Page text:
And so I thought of God as the artist creating each of us and then allowing us to co-create our life tapestry/photo through our behavior choices and responses to life events. He would then take each completed photo and lay it out with all the others to form a complete photo-tapestry of the whole world from start to finish.
Just imagine, we are each a tiny, unique, infinitesimal yet very important part of the whole. We are each a wonderful creation of God with possibilities and opportunities to create a grand self portrait. Then he, the Grand Master Artist, gets to take our individual portraits – our works of art – to blend them together to create his work of art – the human history of the world.
As I thought this all through it made me want to make the rest of my life as beautiful and as interesting as possible. I want my life to represent joy and love and laughter. I know I have created many winter scenes, but I have also managed to weave in to my own personal tapestry/life portrait much of spring and summer and the glorious tones of autumn.
Then, when it is time, I will lay my gift at the feet of the Master. Only he knows where my creative work shall be placed in the bigger scheme of things. Only he knows the unique offering that I have made to the whole. Only he knows and can appreciate the bigger picture. And when the time is right I am sure he will allow me to share that too.
I am a spring-into-summer person. I love the awakening of the land; the buds on the trees and bushes, the early daffodils and tulips, the birds and the bees awakening from a winter lethargy, and the sun rising higher in the sky and giving more warmth. I am not a fan of the arrival of autumn, even though I think autumn itself is a very beautiful season. I simply don’t like the fact that it heralds the coming winter and the cooler temperatures and the presence of grey days.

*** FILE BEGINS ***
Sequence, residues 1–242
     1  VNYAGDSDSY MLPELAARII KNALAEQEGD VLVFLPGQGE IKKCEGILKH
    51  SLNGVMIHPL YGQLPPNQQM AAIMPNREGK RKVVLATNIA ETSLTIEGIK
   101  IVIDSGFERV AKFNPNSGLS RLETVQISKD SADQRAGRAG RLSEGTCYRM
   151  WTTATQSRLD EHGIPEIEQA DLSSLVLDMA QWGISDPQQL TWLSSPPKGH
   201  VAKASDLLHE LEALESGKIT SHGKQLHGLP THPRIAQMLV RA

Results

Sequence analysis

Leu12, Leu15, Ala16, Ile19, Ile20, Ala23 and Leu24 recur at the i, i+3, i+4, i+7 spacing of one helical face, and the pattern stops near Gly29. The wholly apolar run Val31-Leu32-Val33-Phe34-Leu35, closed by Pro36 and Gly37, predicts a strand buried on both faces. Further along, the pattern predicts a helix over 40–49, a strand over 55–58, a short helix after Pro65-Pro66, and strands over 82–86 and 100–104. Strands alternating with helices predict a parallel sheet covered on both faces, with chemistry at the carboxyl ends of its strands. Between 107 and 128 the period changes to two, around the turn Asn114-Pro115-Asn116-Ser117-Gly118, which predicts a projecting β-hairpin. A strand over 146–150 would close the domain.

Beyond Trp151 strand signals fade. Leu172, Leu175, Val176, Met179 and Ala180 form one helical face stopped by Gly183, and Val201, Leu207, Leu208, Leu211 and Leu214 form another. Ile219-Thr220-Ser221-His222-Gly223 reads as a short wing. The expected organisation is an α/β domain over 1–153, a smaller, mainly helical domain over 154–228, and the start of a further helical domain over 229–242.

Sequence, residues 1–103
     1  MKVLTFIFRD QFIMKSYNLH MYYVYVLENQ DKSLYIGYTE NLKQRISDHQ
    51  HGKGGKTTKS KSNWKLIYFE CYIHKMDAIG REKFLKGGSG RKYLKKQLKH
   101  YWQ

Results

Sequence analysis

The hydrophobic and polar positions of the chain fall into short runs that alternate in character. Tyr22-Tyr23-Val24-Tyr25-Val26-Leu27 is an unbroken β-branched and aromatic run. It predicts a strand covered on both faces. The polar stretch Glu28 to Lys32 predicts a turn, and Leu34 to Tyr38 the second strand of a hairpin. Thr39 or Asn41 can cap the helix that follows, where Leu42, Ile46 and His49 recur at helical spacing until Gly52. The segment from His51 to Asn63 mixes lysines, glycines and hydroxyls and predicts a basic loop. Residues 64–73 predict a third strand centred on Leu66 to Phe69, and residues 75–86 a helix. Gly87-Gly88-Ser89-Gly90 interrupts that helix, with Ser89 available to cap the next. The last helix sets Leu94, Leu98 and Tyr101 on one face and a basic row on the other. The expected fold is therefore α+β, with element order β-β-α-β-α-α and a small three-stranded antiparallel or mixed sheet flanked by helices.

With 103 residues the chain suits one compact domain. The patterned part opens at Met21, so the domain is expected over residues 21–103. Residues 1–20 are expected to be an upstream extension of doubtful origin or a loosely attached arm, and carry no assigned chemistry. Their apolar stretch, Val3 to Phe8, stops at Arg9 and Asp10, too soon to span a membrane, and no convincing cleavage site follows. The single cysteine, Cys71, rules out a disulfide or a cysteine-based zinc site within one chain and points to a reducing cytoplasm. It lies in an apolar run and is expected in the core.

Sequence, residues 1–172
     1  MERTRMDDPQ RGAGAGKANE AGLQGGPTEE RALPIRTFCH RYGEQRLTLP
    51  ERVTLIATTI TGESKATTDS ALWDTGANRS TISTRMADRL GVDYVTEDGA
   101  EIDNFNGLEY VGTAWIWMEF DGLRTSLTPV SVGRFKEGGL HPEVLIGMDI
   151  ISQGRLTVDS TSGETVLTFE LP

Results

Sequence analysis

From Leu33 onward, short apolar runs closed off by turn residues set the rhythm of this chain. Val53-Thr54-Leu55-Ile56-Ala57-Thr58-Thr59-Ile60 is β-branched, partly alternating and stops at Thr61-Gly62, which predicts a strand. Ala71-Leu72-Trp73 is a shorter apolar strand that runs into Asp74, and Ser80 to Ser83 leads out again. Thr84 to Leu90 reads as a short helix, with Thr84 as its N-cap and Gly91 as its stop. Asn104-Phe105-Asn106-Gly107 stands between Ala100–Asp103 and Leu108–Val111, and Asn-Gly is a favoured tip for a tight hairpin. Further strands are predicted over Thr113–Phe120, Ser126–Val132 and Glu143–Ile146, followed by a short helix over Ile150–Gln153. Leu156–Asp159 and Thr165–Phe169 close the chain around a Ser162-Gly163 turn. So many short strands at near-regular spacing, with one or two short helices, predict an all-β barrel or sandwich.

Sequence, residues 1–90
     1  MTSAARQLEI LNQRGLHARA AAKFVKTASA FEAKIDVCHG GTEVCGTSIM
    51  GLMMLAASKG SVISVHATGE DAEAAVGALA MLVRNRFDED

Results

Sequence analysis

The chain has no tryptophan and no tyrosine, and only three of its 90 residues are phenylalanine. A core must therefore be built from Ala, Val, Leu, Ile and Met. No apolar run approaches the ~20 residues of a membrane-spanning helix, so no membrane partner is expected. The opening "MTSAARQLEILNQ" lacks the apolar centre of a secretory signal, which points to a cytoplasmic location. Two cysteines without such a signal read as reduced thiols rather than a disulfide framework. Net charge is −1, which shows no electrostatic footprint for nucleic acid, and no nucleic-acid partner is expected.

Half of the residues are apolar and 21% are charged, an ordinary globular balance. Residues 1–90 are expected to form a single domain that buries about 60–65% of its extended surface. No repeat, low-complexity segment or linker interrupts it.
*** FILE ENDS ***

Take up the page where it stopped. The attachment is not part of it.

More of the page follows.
Our local streets have filled with more traffic than there has been for the past couple of months. Yes, school is back in session, the beginning of another scholastic year. I have no little ones at home any more, so the only way I am aware of the school year is through the wax and wane of traffic volume and the occasional comment from teacher friends as they gear up or gear down for the start or close of the school year.
However, as all the children go back to school and the traffic somehow seems to double on the roads, I get that first hint that summer is over. I fight the arrival of autumn with everything in me. I have friends who talk about not wearing, or accessorizing with, white after the first of September. Why ever not? The sun is usually still as hot and bright as it was on thirty one August. So, rebellious as ever, I wear white until it gets grey and rainy or just too cold to seem appropriate anymore.
It seems like the first of September, or at least the Labor Day weekend, heralds the beginning of “we can’t do that any more” season. Despite the act that we are blessed with extended summer weather here in Florida, people seem to stop doing everything overnight. No more picnics and bar-b-q’s, no more going to the beach, no more back yard parties, and everyone pulls their boat out of the water.
The two things that Floridians do hang onto, however, are shorts and flip-flops. Year round, those two articles seem to have become the unofficial state symbol of the State of Florida. Even on a cold and rainy day, which fortunately we get relatively few of, there are those die-hard southern guys and gals who staunchly wear these two items as proudly as if they were the State flag.
But back to autumn. The Fall season always brings a feeling of melancholy to my heart and soul. I know that all the seasons are God-given and I appreciate them as such. Perhaps in the bigger scheme of things the yearly passing of the seasons reminds me of the seasons of my life. Although I have enjoyed them all, some more than others, I am well aware that I am in my own personal autumn. This means that winter is just around the corner.
I am well prepared for this, at least as well prepared as any human can be. Because of the Christian faith values that I hold and adhere to, I do not fear the winter years because I know they will culminate in a new life. It’s just that I still have a lot of living that I’d like to do and many more things that I want to accomplish. But, like everyone else on the planet, my time will come when it’s meant to and I have little control over that.
So in the meantime, I’ll wear white until it’s too cold, I’ll go to the beach as often as possible after Labor Day and, although I don’t own a boat, I’ll imagine floating out on the sea with my hand trailing in warm waters. I also have my beloved lanai at home and as usual will spend as much time as possible out there doing my writing, reading, or just enjoying the incredible gifts of nature that surround me.